Enterprise Performance: Achieve customer commitments and increase stockholder value through program performance, product deliveries, supply chain performance, affordability and sustainability
Portfolio Shaping / Enterprise Initiatives: Assess the Corporation portfolio on an ongoing basis to maximize stockholder value, including M&A activity, cost competitiveness and other Enterprise-wide initiatives
Innovation: Execute 21st Century Warfare strategy to include technology development, demonstrations, and commercial partnerships. Drive infrastructure modernization, technology development and functional capability adoption to digitally transform the enterprise
Talent Management: Attract, develop and retain the workforce needed to deliver commitments to customers, employees and stockholders
2021 Long-Term Incentive Award Opportunities
For 2021, the LTI award mix is the same as last year and for the CEO and other NEOs is allocated 50% toward PSUs, 20% toward LTIP and 30% toward RSUs.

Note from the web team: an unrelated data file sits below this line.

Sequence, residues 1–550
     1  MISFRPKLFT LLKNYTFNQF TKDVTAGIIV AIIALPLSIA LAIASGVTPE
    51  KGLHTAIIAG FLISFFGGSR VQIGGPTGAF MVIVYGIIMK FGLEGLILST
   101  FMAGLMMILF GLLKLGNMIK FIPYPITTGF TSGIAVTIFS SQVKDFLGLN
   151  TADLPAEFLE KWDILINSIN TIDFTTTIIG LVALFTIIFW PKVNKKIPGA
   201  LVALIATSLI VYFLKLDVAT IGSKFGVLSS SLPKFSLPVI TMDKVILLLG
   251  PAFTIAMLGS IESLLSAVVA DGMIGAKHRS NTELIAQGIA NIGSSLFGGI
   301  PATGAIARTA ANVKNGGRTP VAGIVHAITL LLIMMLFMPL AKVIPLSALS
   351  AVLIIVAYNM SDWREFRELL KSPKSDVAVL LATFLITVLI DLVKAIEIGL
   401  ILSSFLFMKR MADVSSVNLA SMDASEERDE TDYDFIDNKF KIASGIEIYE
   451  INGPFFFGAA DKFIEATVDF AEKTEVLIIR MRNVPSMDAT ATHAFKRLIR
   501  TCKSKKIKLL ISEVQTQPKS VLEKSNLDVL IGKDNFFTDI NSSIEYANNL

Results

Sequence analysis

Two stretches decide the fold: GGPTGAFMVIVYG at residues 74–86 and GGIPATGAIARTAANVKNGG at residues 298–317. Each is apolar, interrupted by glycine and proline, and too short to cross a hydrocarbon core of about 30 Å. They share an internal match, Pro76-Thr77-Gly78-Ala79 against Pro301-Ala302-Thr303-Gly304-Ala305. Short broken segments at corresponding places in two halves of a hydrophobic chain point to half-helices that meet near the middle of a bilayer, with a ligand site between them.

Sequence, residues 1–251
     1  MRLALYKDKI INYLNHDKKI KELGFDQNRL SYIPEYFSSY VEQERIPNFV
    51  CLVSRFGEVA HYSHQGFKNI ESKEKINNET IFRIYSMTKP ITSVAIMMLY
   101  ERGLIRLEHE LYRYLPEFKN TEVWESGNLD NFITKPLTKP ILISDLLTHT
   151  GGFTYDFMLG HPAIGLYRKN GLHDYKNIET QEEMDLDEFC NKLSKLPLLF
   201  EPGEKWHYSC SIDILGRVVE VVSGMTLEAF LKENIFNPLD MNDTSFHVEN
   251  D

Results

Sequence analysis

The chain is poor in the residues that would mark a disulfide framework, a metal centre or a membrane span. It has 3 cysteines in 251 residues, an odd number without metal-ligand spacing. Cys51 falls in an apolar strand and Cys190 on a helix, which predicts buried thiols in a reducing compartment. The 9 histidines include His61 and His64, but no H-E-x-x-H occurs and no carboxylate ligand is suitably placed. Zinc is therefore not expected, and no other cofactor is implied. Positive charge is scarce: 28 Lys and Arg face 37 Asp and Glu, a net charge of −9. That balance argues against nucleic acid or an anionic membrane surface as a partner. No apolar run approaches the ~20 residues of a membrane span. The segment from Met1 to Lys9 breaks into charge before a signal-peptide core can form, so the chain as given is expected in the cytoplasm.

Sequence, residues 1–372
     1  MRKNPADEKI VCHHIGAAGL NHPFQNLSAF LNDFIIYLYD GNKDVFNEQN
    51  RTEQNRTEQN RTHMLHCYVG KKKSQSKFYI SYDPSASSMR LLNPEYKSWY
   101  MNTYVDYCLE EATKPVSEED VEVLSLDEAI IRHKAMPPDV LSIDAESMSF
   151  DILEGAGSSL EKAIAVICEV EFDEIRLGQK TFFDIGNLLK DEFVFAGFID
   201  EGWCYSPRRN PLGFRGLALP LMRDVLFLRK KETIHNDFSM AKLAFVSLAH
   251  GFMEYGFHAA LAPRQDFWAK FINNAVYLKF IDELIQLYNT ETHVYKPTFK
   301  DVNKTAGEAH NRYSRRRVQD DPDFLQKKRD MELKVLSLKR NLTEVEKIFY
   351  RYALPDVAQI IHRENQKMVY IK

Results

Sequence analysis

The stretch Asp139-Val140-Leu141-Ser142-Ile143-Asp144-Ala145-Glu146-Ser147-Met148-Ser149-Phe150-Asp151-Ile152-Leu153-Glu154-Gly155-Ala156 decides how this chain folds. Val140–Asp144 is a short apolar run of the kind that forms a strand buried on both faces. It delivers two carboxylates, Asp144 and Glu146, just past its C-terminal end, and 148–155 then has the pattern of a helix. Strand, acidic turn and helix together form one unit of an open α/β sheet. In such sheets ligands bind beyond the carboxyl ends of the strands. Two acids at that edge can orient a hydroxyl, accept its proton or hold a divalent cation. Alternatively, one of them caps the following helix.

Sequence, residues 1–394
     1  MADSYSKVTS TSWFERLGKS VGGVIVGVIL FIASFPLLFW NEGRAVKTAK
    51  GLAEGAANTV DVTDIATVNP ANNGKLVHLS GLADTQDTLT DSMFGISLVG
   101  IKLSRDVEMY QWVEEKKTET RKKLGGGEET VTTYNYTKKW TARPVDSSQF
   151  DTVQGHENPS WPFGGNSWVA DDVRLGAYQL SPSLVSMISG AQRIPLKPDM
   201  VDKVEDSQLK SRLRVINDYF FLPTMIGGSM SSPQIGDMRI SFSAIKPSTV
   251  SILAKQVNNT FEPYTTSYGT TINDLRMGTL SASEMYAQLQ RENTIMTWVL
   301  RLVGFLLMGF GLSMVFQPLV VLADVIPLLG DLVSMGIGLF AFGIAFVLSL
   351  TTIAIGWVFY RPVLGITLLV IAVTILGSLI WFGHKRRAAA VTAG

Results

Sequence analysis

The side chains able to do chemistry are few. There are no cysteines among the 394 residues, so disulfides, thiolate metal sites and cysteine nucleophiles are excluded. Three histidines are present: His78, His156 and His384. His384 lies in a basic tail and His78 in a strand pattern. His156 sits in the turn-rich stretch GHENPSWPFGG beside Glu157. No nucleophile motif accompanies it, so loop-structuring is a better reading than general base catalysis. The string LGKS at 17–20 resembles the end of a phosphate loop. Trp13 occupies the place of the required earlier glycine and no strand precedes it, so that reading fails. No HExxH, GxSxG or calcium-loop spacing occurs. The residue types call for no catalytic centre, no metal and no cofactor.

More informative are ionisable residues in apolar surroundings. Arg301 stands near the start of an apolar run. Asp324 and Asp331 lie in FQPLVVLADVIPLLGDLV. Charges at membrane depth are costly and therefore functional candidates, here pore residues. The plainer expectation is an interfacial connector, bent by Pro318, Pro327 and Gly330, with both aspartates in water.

The terms and performance measures of the 2021-2023 PSUs and LTIP awards are similar to the 2020-2022 awards (see pages 51-53). The 2021-2023 PSU and LTIP award agreements require specified adjustments to ensure that the ultimate payouts are not impacted to the benefit or detriment of management by specified events that would result in a difference between planned and actual financial results, including the impact of CARES Act provisions on payroll tax deferrals and progress payment changes, pension risk transfer transactions, or changes in tax law or interpretations related to amortization for research and experimental expenditures.